Story of STUFF

Six years ago, Annie Leonard released The Story of Stuff, a compelling 20-minute video in which Leonard illustrated the vicious cycle of unbridled consumerism from factory to daily life to landfill.


Photo courtesy of

“We have a problem with Stuff,” Leonard declared. “We use too much, too much of it is toxic, and we don’t share it very well. But that’s not the way things have to be. Together, we can build a society based on better, not more; sharing, not selfishness; community, not division.”


Photo courtesy of


It was a brief animated statement that became a movement (500,000 worldwide members and counting).

Soon, there were more movies—stories of bottled water, cosmetics, electronics, and so on.

While each video addressed ideas for working toward happy endings, Leonard just released a fabulous finale to her “stuff” series that hits the cumulative nail on the head:

The Story of Solutions.

“In what I call the ‘Game of More,’ politicians cheer a steadily growing economy at the same time as our health indicators are worsening, income inequality is growing, and polar icecaps are melting,” writes Annie Leonard in this month’s issue of YES! Magazine. “But what if we changed the point of the game? What if the goal of our economy wasn’t more, but better—better health, better jobs, and a better chance to survive on the planet? Shouldn’t that be what winning means? That’s the question I ask in my new movie.”

Leonard points us to the plastic packaging problem as a case in point.

“Game of More” solutions include initiatives that reward people with gift cards to buy things if they recycle plastic bags and containers. Sounds like a nice idea, but think about it: This strategy really just encourages a “more is better” economy.

Leonard proposes new solutions such as campaigns that are trying to ban plastic packaging. “By volunteering their time, these citizens are declaring that there’s something more important to them than just earning and spending more,” she explains. “To win this campaign, these citizens are going to have to team up with forward-thinking businesses offering alternatives to throwaway plastic packaging.”

Changing the goal of the entire economy—from more to better—is a monumental undertaking. Annie Leonard doesn’t deny it.

“We can’t do it all at once. But I argue that by focusing on game-changing solutions, we can steadily build an economy that values things like safer, healthier, and more fair as much as we currently value faster, cheaper, and newer,” she says.

Take nine minutes to hear more of Leonard’s spot-on logic (seriously spot-on—I love this woman) in the Story of Solutions video, below:


  1. Elizabeth says:

    Although I can’t listen to the video right now (it’s still a bit too early for the rest of the household:-) I wholeheartedly agree with the concept.

    “We use too much, too much of it is toxic…” Yes, I do so agree, case in point. Yesterday I went to the grocery store & bought 2 new (generic store brand) toothbrushes. When I cracked open & peeled back the new plastic toothbrush packaging, out wafted a horrendous odor…I’ll liken this smell to formaldehyde.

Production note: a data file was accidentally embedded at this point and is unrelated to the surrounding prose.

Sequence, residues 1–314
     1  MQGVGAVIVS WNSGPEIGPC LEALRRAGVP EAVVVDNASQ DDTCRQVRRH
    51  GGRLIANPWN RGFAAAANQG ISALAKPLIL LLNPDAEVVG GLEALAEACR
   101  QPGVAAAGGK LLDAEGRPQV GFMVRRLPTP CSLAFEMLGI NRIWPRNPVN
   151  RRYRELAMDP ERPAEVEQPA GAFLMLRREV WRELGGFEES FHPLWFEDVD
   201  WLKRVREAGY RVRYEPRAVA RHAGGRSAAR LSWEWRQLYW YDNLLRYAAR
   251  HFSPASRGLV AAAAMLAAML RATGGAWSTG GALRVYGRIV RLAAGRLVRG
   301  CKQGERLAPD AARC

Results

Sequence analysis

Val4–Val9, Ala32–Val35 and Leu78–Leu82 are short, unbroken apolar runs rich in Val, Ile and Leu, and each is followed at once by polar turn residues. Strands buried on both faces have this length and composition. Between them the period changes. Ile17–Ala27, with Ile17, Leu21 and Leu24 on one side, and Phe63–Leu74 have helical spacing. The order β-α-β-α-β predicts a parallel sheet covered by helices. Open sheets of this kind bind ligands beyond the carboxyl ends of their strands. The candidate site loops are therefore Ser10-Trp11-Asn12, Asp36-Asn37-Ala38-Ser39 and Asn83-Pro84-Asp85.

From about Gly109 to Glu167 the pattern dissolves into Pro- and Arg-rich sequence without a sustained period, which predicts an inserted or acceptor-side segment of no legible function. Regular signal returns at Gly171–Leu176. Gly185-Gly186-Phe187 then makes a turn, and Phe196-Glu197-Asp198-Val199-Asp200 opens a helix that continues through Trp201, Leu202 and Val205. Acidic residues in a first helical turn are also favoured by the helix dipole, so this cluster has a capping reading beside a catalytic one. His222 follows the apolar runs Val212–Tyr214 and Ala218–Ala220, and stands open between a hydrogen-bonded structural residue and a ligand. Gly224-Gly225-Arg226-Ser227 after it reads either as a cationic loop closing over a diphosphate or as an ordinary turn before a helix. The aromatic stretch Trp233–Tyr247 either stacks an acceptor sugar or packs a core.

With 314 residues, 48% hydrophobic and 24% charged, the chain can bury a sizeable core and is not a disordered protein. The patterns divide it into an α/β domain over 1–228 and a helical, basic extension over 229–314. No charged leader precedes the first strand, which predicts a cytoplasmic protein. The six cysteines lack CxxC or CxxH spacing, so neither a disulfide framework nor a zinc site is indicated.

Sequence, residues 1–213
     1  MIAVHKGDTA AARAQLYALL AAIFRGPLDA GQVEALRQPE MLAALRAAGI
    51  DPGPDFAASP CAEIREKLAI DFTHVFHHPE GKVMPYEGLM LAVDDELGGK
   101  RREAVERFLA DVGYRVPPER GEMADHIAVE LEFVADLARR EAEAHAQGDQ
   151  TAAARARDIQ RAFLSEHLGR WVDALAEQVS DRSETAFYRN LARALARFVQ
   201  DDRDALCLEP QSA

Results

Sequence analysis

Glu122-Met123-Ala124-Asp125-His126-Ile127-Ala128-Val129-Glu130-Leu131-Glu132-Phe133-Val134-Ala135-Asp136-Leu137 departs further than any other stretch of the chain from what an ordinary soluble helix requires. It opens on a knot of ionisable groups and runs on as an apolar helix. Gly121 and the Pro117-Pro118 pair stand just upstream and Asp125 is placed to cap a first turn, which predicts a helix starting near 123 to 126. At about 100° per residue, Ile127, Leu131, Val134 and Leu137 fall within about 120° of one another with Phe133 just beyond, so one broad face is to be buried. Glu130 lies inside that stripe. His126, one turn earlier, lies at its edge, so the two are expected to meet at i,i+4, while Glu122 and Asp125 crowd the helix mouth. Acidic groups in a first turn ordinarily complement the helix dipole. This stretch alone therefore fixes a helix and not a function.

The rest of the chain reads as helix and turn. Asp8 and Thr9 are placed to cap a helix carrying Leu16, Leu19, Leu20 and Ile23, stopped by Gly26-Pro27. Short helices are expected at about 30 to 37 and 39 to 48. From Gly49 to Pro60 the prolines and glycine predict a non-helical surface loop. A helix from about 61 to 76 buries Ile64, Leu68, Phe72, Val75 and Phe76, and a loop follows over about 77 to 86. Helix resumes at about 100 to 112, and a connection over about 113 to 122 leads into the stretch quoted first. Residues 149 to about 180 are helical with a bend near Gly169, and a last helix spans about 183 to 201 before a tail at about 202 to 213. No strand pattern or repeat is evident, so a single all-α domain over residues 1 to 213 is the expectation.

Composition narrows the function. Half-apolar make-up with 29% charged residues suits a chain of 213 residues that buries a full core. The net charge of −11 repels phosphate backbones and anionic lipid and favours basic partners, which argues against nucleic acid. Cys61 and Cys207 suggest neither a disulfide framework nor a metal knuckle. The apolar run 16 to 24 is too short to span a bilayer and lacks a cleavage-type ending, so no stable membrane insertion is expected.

The smell was nauseating & I could hardly imagine using this toxic (so called) oral cleaning device. But I gave it the old college try after I thoroughly washed the TB in hot water with soap & then soaked it in peroxide. It’s still impossible to use these TB’s for anything other than cleaning…?…to be honest, the smell is so horriffic, I can’t even imagine using them for cleaning toilets. Why bother making products that are so dangerous to those who make them (can you imagine what that factory must smell like) & certainly not safe for someone to use orally? It’s such a waste of energy, funds & time as well.

    • Ruth says:

      I’m appalled to find that almost all toothbrushes are from China, and that would explain your experience. I read labels and try to avoid as much as I can that’s been imported from China – who is getting a bad rap here, but I’m sorry, it’s deserved! Read the labels on your toothpaste – last time I could find only one brand and type that was labeled “made in USA.”

      • Jean Sikes says:

        Some one commented on the fact that they could not find toothpaste made in the U.S. My son is a truck driver and was sent to Texas to pick up a load that had come from Mexico. It was a truckload of toothpaste! After that I began looking for a toothpaste that was manufactured in the U. S. I, also, found only one. Read your labels carefully folks. Most everything says “distributed in the U.S.” NOT “made in the U.S.”

  2. Winnie Nielsen says:

    You cannot argue one point that is pointed out! Here in the US , the cheap availability of food and goods has just fed us into a stuff gluttony of over consumption. People are now hooked on stuff simply because it is so readily available , including easy credit card abuse. Changing this trend will require much insight and work from each one of us.

  3. Wow, brilliant! Everyone in the USA has and buys too much stuff. After having traveled to over 5 continents, I have seen what most people own and have and it’s so little. Yet most of them are happy. And the ones who are in need, we need to provide for. Like safe drinking water, a way to grow their own food and education for their children.
    When I talk to local people about what they do for fun or with their spare time, the answer is almost always : shopping. This is wrong. This is the number one way they are spending time with their kids too. Double wrong.
    It’s time to implement some of the solutions in this great little video. And the big one for me: PRACTICE GRATITUDE for all that you have.

  4. Pingback: Holiday Gift Registry? | Raising Jane Journal

Leave a Comment

Your email address will not be published. Required fields are marked *